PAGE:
Expressions of prejudice may change, but one thing remains constant in the human experience. There are always going to be some people for whom being just as good as anybody else is never going to be enough. They must be superior. Since actually being superior is out of their reach, they go the easier method by insisting that others are inferior.

How interesting that today much of the former open vehemence of prejudice has shifted from the now socially unacceptable derision against race or religion to the more socially acceptable ridicule of political affiliation.

“Conservative” and “liberal” are used today like dirty words, accusing labels, where the opposing political party, or politician, or even individual voter, is vilified with a degree of condescension, arrogance, and meanness that would appall most of us were it applied against a person’s race or religion. It is no longer enough to simply disagree. We must condemn. Those people.

I don’t know when it started, but our need to compromise as laid out by the founding fathers morphed into a need to bash each other mercilessly. The first time I can personally remember seeing this evolve was in college when a schoolmate and I discovered we were members of opposite political parties. Though I was unconcerned for my part, her surprise was overwhelming, and she blurted out, “You can’t be! Really? But you seem so intelligent!”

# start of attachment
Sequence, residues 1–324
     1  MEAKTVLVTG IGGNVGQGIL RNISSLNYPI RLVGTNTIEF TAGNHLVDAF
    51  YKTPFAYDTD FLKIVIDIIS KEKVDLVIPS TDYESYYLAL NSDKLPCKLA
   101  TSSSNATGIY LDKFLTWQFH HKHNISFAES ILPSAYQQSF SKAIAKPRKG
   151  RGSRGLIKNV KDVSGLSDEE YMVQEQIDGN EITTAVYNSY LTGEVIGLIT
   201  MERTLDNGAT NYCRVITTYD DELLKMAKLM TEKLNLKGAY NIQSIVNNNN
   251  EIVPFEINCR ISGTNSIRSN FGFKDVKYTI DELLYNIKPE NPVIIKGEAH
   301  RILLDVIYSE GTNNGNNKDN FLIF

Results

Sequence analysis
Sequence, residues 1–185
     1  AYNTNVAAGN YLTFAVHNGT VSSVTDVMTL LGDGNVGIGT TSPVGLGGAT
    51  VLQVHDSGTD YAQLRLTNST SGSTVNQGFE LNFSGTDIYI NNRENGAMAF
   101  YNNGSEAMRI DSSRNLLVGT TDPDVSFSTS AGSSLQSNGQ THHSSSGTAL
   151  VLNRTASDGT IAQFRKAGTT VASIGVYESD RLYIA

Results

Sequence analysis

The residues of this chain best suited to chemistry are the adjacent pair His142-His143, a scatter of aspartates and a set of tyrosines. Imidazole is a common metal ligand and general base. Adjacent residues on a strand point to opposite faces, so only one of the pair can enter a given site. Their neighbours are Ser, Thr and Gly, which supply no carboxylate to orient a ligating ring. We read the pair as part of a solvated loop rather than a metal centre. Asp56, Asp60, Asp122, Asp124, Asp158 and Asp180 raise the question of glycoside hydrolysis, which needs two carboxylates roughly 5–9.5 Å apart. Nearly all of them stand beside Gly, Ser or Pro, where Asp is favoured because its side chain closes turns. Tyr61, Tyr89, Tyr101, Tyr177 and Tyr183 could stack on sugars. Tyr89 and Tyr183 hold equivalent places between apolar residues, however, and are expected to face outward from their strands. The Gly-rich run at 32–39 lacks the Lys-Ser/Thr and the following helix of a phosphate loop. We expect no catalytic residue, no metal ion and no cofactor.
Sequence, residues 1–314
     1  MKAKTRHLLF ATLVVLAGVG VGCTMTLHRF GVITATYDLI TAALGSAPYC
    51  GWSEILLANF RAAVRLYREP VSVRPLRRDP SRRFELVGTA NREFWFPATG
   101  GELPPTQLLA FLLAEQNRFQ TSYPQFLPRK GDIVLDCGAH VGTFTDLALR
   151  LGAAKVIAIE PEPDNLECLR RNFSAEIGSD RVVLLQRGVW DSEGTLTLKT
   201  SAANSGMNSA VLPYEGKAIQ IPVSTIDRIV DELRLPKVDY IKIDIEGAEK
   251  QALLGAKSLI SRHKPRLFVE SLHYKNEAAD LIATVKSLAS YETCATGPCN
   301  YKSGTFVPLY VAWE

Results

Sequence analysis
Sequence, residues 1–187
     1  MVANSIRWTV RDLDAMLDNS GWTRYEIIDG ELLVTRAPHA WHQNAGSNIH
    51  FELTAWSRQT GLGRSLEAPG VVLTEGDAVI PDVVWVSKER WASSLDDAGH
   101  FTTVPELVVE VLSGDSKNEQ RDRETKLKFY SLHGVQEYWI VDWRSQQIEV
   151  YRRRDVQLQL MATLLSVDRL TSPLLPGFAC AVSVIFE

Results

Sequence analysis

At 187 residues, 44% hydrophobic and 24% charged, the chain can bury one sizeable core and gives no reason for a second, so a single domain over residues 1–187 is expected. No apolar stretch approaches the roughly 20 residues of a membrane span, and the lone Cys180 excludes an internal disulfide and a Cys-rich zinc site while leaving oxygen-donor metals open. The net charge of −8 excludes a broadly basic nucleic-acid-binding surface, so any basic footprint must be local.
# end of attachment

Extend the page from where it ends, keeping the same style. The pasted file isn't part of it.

In today’s political climate I might be defensive, but at the time it cracked me up and I laughed.

Just before the scene where Gregory Peck goes to the restricted hotel for the showdown, he retorts to Dorothy McGuire that he must stand up to the bigots because they insult “everything this country stands for.”

The phrase seems to make Mr. Schickel squirm. “I don’t know. ‘Everything this country stands for.’ See, you know, maybe there’s a way to just slightly avoid that line. I think we’ve got it.”

Avoid that line? That line is the whole point of the movie. That’s the point of this nation. That seems to be what George Washington thought when he visited the synagogue at Truro, Rhode Island and declared to the Jewish community, “to bigotry no sanction, to persecution no assistance.” Idealism has the air of naiveté or even falseness to us these days where cynicism equates sophistication. Fear mongering has replaced it as a hip and edgy alternative.

Now we have a new President. Those who did not vote for Barack Obama will be disappointed, as it is only human to be disappointed when the candidate you did not want for office wins. We are on the brink of a hopeful time with a new President who embodies the diversity of our society, but we are also at a perilous time, and not strictly because of outside threats or economic collapse. There is another insidious problem, deep at our core. We get lazy. Some decent people who did not want Senator Obama to win might say nothing to the bigoted, the resentful, the fear mongers, preferring smug silence, satisfied that the one they did not want to win will not have an easy time of it. A good chunk of “Gentleman’s Agreement” is about guarding ourselves from our worst impulses, from taking the easy out.

After 9-11 there was a great call out to moderate Muslims to distance themselves from the radical Muslims and condemn their terrorist actions. Why were they not more vocal, protest their indignation, many wanted to know.